Lorna  in Eastern  Ontario
Check out FAQ :

Re: Squamous Cell Carcinoma

Nancy Kitchen

You are one brave lady... Know that we are all right there with you and sending the best kind of energy your way..  Looking forward to hearing good news this afternoon.
All the best to you 
Nancy K
Smoke and Tucky
November 2018, Southeast, MA

Smoke Case History:
Smoke Photo Album:
Tucky Case History: 
Tucky Photo Album:

Re: Squamous Cell Carcinoma

Nancy C

Hang in there Allison.  Thinking of you. Keep breathing.
Nancy C in NH
ECIR Moderator 2003
ECIR Group Inc. President/Treasurer  2019-2020
Join us at the 2021 NO Laminitis! Conference, August 12-15, Harrisburg, PA

Re: Squamous Cell Carcinoma


Thinking of you, Allison. 
Teresa O in Ontario, Canada 2020

Blood tests of pony with cushings


Hi! Could anyone help me identify why any some of the rates are raised? These are blood test results of a 25 year old pony with cushings. He's on half a pill of pergolide from prascend.

Thanks a lot for any help. -Markéta Köhnleinová
Markéta, Czech Republic, 2020

Free ACTH test - is it worthwhile this time of year?


This is for my 16 year old mare that I have not discussed before, she qualified for the free testing but Tane did not as he has other symptoms. I do suspect PPID with Paisley based on some symptoms - slow to shed and pot belly. We got good results with CTB in shedding

My question is: would it be worthwhile to test during the seasonal rise period?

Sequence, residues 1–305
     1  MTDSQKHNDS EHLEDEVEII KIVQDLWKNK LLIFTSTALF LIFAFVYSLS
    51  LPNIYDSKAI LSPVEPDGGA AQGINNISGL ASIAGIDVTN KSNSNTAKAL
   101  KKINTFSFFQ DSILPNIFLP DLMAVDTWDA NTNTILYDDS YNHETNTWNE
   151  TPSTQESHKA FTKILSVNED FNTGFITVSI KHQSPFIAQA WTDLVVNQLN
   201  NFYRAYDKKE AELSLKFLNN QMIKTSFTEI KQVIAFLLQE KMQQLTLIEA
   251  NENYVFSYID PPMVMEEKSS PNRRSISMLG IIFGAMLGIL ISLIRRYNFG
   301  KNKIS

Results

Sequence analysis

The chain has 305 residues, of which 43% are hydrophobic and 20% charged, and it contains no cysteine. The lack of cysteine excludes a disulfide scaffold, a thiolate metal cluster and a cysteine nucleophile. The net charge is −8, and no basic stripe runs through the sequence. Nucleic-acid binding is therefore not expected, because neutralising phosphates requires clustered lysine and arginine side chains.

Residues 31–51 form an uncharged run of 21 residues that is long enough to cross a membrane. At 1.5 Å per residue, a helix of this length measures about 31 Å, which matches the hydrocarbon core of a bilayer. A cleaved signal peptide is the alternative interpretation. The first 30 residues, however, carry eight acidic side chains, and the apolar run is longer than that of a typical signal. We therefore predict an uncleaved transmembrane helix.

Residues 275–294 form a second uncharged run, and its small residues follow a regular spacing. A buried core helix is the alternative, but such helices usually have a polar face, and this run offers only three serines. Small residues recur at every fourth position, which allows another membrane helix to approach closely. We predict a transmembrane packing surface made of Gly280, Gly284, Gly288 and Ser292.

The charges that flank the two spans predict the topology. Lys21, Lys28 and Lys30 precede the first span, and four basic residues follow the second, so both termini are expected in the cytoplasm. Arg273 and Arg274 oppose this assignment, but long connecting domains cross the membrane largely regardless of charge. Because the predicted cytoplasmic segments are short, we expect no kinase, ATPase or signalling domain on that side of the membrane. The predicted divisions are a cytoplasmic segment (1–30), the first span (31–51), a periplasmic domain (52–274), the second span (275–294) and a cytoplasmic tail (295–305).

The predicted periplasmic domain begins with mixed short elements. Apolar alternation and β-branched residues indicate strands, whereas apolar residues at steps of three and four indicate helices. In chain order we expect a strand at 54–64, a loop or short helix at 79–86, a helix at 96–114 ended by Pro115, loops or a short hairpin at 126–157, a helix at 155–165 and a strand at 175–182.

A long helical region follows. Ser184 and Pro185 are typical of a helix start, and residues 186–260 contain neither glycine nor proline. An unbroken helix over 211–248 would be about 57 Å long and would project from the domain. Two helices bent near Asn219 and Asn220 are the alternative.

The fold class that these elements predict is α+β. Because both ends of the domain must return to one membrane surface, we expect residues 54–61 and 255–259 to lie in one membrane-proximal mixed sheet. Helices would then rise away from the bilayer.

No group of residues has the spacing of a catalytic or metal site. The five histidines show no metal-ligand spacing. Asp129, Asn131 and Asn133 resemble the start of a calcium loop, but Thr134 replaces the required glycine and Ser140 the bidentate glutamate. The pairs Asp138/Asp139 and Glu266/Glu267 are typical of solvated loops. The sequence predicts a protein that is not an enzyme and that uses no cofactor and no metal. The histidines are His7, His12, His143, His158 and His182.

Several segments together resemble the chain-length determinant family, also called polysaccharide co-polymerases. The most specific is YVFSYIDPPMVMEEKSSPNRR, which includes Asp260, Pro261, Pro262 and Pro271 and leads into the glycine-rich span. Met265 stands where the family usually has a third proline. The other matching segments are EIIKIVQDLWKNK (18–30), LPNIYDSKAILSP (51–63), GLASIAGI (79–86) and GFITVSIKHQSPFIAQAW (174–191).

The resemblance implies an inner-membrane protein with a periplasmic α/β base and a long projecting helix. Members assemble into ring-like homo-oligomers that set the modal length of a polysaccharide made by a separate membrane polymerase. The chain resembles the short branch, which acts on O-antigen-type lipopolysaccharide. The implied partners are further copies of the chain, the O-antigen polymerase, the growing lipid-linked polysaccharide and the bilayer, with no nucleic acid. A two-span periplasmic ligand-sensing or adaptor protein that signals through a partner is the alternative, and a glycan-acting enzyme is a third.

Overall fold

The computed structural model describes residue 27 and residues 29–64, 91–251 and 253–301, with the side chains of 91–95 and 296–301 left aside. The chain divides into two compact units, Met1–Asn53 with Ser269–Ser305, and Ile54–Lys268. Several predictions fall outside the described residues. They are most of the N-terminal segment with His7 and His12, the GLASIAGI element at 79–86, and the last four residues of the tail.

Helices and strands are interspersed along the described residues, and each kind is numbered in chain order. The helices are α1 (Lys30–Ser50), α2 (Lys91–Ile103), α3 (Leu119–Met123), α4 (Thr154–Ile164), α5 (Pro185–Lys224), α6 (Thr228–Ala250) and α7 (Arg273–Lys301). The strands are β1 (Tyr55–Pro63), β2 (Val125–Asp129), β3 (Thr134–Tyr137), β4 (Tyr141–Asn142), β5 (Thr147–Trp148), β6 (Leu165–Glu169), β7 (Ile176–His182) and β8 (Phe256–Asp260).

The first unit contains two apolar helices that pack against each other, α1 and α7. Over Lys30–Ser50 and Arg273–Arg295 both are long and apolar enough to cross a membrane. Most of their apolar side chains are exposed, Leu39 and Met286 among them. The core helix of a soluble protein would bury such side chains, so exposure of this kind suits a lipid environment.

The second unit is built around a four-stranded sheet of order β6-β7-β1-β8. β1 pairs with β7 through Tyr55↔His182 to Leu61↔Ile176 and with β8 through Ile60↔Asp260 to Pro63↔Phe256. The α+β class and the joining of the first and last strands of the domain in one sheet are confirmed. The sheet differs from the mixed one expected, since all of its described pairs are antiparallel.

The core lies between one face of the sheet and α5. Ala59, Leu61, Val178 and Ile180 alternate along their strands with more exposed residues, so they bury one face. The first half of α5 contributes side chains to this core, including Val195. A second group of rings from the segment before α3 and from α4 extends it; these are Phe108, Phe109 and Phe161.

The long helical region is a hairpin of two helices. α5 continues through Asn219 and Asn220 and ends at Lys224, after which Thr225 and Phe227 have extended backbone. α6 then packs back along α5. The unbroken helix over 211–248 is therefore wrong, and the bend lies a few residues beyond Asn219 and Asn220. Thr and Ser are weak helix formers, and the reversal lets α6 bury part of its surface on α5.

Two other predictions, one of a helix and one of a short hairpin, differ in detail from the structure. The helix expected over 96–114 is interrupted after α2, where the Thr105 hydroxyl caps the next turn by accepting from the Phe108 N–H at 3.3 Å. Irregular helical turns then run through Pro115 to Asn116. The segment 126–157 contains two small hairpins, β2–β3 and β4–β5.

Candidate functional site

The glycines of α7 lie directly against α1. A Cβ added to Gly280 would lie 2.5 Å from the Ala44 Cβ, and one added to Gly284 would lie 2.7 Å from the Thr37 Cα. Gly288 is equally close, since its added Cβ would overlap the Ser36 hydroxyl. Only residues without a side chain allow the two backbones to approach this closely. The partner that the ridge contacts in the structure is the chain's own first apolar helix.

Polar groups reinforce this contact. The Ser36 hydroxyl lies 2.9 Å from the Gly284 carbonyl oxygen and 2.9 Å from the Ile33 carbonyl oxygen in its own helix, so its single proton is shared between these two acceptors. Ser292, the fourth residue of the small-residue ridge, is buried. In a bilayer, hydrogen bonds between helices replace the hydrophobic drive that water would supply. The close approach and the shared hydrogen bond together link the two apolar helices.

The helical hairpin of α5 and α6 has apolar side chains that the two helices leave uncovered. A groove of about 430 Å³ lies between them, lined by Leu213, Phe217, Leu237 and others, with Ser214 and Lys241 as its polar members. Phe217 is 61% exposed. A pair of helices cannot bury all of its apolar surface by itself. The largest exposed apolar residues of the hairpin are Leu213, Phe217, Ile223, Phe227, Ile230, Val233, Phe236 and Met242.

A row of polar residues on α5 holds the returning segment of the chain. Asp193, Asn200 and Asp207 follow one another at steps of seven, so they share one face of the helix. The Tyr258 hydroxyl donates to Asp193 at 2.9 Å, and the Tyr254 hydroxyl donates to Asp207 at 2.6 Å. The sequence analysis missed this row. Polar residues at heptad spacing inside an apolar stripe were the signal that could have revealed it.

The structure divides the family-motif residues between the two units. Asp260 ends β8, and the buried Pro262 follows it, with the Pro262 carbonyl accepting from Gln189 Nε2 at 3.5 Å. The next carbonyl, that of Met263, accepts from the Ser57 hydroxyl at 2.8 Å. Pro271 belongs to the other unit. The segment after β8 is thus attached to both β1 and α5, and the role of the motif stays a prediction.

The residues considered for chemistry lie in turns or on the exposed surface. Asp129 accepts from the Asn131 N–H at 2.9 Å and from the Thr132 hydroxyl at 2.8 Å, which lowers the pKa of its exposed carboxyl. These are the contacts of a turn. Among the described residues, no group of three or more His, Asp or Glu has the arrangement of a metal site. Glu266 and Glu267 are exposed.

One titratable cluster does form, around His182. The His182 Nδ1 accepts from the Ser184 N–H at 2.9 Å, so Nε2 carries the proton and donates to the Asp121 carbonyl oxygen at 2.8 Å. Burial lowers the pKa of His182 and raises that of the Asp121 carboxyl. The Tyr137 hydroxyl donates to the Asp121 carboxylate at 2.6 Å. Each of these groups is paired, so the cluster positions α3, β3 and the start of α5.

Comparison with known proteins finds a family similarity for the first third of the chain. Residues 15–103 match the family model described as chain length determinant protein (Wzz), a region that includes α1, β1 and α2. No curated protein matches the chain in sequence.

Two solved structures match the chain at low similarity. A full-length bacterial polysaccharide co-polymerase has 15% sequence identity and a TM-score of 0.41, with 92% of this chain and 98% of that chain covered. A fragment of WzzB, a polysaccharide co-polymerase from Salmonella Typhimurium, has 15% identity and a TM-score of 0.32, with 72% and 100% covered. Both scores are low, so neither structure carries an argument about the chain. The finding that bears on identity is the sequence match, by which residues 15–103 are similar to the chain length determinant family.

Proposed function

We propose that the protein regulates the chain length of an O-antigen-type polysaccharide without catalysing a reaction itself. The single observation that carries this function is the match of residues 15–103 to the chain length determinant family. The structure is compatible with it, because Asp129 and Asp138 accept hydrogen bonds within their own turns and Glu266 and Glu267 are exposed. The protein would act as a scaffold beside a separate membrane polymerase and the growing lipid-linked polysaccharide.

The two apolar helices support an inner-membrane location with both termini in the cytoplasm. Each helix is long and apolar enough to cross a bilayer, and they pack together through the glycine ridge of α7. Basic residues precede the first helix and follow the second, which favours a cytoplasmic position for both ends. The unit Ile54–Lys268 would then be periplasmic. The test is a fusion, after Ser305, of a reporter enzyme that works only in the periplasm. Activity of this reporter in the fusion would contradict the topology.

New Brunswick, Canada


Case History: Tane's case history

Photos: Tane's photos

Re: Success syringing metformin


Thank you to everyone for their helpful comments. A year or so ago, freshly ground flaxseed (organic golden, freshly ground from ND Flax) was part of her normal diet. One day she just stopped eating it. She wouldn't eat any of her food if it was in there. I will try again by buying a new unground, organic bag at at the heath food store and give it a go in a small amount. 

Also, with regard to the oil mixed in with Metformin powder: I add the contents of the suggested vitamin e capsules which does seem to lubricate the syringe and the mixture overall but not much. The Metformin overpowers it a bit as we are doing 16 per syringe. 

Today the vet comes for insulin blood draw and mouth check for ulcers. Keeping fingers crossed that the news is good and we can start lowering dose of Metformin. 🤞🏽
Pat and Frigga
Monkton, VT

Re: Squamous Cell Carcinoma


You have a huge heart ❤ for your horse.  May there be fair winds and good outcomes tomorrow.

Gail Russell 8/30/2008 .

Re: Squamous Cell Carcinoma